"We are coming here to the San Luis Reservoir to understand a little bit more of the complexity of California's challenges," said Perdue.
Perdue says several years of drought has damaged the farming industry which is why he wants federal, state and local governments to work together to build a sustainable water supply.
"You can't make plans about a crop with no water. I hope that we can use some of the federal infrastructure money to combine with some of the assessment that local people have done that state has passed water bond and how we can combine those efforts and collaborate to have an outcome of a better product for all of California," said Perdue.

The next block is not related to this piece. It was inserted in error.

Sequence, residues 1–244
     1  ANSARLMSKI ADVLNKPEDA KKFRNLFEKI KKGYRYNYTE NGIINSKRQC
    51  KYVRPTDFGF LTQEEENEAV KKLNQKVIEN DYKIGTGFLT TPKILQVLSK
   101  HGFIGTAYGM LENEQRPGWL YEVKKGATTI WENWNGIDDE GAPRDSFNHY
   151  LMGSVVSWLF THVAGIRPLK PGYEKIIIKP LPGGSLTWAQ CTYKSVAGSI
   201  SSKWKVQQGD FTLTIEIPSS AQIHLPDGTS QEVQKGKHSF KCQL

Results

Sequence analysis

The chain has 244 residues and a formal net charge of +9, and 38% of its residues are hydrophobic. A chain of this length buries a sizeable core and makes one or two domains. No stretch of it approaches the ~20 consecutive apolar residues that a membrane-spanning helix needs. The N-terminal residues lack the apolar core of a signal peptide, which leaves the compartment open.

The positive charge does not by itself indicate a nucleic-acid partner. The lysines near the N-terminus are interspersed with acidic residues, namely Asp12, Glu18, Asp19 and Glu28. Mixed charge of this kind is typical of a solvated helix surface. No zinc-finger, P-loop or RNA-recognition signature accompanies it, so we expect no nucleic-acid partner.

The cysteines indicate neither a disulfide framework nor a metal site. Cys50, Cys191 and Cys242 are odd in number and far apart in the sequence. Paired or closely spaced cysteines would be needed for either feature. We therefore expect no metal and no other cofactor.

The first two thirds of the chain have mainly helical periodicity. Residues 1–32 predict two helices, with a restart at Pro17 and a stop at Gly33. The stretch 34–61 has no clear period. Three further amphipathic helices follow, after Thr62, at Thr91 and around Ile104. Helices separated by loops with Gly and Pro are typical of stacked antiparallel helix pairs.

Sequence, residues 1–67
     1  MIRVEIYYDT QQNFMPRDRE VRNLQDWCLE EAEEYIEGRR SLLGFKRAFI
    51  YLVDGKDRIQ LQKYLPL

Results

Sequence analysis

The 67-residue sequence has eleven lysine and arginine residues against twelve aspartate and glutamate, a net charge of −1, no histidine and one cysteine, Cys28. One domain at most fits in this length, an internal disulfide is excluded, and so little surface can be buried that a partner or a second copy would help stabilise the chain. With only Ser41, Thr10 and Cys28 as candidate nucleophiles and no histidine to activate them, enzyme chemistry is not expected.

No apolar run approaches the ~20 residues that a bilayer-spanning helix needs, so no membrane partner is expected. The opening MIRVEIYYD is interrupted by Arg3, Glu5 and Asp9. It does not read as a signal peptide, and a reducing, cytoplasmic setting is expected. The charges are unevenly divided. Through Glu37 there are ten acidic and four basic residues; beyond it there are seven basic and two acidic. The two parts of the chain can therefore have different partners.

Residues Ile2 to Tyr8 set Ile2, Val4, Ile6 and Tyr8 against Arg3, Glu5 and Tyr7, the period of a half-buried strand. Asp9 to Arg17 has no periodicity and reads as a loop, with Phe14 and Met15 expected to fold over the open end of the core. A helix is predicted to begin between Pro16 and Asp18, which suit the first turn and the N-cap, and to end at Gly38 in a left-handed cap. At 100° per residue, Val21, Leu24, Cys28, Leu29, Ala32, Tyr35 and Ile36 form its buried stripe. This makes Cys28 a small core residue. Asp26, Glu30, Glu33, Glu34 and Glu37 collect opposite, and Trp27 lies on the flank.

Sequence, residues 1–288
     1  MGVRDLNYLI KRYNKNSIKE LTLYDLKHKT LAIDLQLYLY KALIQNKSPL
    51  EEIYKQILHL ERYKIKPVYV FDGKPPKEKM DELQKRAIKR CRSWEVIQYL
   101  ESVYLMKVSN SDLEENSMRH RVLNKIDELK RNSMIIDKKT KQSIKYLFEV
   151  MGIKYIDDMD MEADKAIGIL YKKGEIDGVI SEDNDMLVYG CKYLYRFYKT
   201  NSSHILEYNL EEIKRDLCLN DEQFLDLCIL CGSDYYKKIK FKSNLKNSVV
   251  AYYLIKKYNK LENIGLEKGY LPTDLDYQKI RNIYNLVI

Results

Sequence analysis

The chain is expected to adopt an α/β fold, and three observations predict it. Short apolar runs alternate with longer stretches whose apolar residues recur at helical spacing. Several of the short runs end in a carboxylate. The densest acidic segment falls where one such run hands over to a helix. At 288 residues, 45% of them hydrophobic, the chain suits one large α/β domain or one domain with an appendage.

Valley Farmer Joe Del Bosque grows almonds and melons. He expressed the challenges of having less water to Perdue.
"I think he could hear it in the voices of every time he talks to a farmer. There were some years where we fallowed 40 percent of our farm that means 40 percent didn't grow any crops because we didn't have water," said Del Bosque.
Congressman Jim Costa says this visit was needed and he hopes it will create change down the line.
"I think secretary Perdue sent a very strong message to California farmers ranchers and dairymen and women that he wants to be a problem solver and he understands that with water we have to use all the water tools in our toolbox," said Costa.